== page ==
As our explant culture system allows us to visualize the emergence of phenotypic hematopoietic precursors from pre-circulation and peri-circulation concepti, we next examined GFP labeling in cultured YS-Ex and Em-Ex-derived hematopoietic precursors (CD31+CD45+c-Kit+CD41). We observed that, on average, 61% of YS-Ex-derived and 47% of Em-Ex-derived CD31+CD45+c-Kit+CD41cells were GFP+ (Fig. 7h, i). Lethally irradiated CD45.1+CD45.2+ recipients were next transplanted with cells isolated from Lyve1+/CreRosa26mTmG 5–7sp Em-Ex and 2 × 105 CD45.1+ WBM cells (Fig. 7j-l). As expected from our previous experiments (Fig. 1b), 5–7sp Lyve1+/CreRosa26mTmG cultured Em-Ex harbored dHSC activity and reconstituted 15–80% of recipient PB (Fig. 7k). Importantly, 3/4 recipients of E8.5 Lyve1+/CreRosa26mTmG-derived Em-Ex displayed GFP+ engraftment, demonstrating that Lyve1Cre labels the progeny of intra-embryonic HE precursors (Fig. 7l). Indeed, in one recipient, 88% of Em-Ex-derived PB was GFP+ (Fig. 7l). Differences in the %GFP+ recipient PB reflects the small number of Em-Ex-derived RUs transplanted per recipient (3.32 RUs = 4EE*0.83RUs per explant, Fig. 4a) and low recombination efficiency of the Rosa26mTmG allele (about 20%, Fig. 5b). We also tested cells isolated from 19–22sp Lyve1+/CreRosa26mTmG Em-Ex and YS-Ex for dHSC activity via transplantation. Here, Em-Ex-derived PB reconstitution was high (averaging 51%, n = 10). Although the %GFP+ PB varied widely (Fig. 7l), 8/10 recipients displayed GFP + PB reconstitution. As expected (Fig. 1c, d), Lyve1+/CreRosa26mTmG YS-Ex did not engraft recipient mice (Fig. 7k, l). In sum, our data reveal that the embryo harbors LYVE1+ blood precursors capable of giving rise to dHSC.

Discussion

Identifying the original site of dHSC specification during embryogenesis has been a major challenge due to the migratory nature of blood precursors in the circulating embryo and the absence of assays to rigorously test hematopoietic potential of pre-circulatory tissues. Here, we report the robust generation of dHSC activity from pre-circulation and peri-circulation murine embryos. dHSC activity could only be detected in cultured embryo explants and not cultured YS explants, indicating that the YS is unable to autonomously generate dHSC activity, at least under the conditions tested here. This implies that either the YS does not contain dHSC precursors or that it lacks the essential support environment for maturation of such precursors. Our findings are consistent with those of Cumano and colleagues, but in those studies, the authors were only able to detect very low levels of HSC activity from pre-circulation intra-embryonic tissues (<5%), and only after transplantation into immunocompromised Rag2γc−/− recipients12. Poor reconstitution activity left open the possibility that YS harbored dHSC activity that fell below their detection threshold. Indeed, very recent studies suggest an extraembryonic (i.e., YS and/or vitelline hemogenic endothelium) origin for a large fraction of lifelong hematopoiesis13,14. However, the high levels of dHSC activity detected in our culture system (up to >75% reconstitution of PB after transplantation into immunologically competent mice) allows us to rigorously compare YS and embryos and demonstrate that pre-circulation YS lacks significant dHSC potential (Fig. 1b). None-the-less, our data support a model in which dHSC originate from intra-embryonic precursors in pre-circulation and peri-circulation concepti.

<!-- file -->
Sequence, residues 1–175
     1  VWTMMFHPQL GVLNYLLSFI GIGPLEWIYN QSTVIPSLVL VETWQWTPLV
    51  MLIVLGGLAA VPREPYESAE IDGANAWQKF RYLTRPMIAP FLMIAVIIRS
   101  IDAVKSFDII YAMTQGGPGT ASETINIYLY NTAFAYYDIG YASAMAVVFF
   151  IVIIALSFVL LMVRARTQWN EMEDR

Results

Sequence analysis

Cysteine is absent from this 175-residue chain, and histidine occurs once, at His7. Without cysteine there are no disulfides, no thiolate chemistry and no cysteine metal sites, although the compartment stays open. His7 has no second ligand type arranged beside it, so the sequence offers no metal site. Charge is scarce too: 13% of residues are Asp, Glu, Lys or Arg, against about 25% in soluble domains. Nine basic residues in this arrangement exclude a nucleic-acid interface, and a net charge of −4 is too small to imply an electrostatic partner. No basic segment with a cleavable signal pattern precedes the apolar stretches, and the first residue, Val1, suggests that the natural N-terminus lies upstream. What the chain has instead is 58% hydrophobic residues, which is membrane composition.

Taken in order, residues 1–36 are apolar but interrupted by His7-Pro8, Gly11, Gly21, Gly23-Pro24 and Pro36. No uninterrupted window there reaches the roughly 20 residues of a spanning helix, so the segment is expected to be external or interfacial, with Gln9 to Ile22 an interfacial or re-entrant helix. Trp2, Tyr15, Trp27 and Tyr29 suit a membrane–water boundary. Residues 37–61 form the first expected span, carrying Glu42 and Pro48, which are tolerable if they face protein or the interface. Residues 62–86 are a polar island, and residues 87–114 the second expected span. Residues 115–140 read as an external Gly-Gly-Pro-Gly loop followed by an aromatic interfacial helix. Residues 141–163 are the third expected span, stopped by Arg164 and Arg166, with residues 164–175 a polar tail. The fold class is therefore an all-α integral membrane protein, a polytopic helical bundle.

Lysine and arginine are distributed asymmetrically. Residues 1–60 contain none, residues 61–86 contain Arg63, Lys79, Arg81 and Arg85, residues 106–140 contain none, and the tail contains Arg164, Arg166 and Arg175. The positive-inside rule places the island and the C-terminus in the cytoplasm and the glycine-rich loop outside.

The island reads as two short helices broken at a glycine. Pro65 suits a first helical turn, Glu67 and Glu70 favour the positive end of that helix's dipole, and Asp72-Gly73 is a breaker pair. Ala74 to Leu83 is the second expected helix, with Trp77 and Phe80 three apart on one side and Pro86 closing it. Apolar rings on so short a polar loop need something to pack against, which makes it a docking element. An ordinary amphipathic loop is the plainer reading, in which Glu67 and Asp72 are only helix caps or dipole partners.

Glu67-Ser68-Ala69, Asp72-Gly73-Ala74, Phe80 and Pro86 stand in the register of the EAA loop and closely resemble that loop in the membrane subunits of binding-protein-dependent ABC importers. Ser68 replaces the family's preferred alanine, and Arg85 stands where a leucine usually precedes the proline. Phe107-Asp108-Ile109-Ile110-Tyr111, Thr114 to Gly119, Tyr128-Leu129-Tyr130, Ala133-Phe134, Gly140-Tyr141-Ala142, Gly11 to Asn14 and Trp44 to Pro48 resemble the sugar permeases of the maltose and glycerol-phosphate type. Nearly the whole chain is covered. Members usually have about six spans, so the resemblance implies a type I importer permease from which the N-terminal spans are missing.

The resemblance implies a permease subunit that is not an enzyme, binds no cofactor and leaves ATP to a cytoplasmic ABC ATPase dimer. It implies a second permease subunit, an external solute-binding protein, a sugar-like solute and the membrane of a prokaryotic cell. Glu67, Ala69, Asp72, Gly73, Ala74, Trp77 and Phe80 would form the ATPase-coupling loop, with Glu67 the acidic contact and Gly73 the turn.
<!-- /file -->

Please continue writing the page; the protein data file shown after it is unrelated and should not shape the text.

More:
CD31+CD45+c-Kit+CD41cells harbored all Em-Ex-derived dHSC activity in our experimental system. The development of this population required exogenous administration of SCF and IL-3 (Fig. 3). This agrees with previous studies where SCF is also required for the maturation of E9.5 pro-HSCs and E10.5 type I and type II pre-HSCs. Scf is expressed in the E9.5 dorsal aorta and upregulated at E10.5 when HSPC specification accelerates29,30,31. Scf−/− mice display reduced dHSC activity and peri-natal death39. IL-3 induces maturation of dHSC between E10.5 and E11.5 in the AGM40,41. In contrast, exogenous administration of FLT3L is dispensable for dHSC maturation ex vivo31. Our finding that 5–7sp Em-Ex also require SCF and IL-3 to effect dHSC maturation ex vivo suggests that even very early dHSC precursors require these same signals.

Interestingly, CD31+CD45+c-Kit+CD41 cells also emerged in cultures of early YS (Fig. 4b), where they clearly lack detectable dHSC activity (Fig. 1b–d). The ability of our culture conditions to yield bona fide dHSC from pre-circulation concepti provides a unique opportunity to study YS-specific and embryo-specific hematopoiesis and the critical molecular features that allow Em-Ex to render dHSC activity. This could be useful for efforts to derive bona fide dHSC from alternative sources ex vivo and provide specific reporters for in vitro screening. Remarkably, single cell global gene expression profiling identified an Em-Ex-derived population (X-cells, Fig. 4c) that does not emerge from YS cultures and displays enrichment for genes expressed by dHSC found in the FL (Fig. 4d). Further analysis identified multiple cell surface molecules selectively expressed by this unique population (e.g., Cxcr4, c-Mpl, Il6ra, and Tnfrsf1, Supplementary Fig. 2). These cell surface markers harbor putative utility to both refine the Em-Ex population harboring dHSC activity and explore for in vivo surrogates that may represent critical transitions in the maturation of dHSC in vivo. Exploring the biological significance of these and other markers will be the subject of future investigations.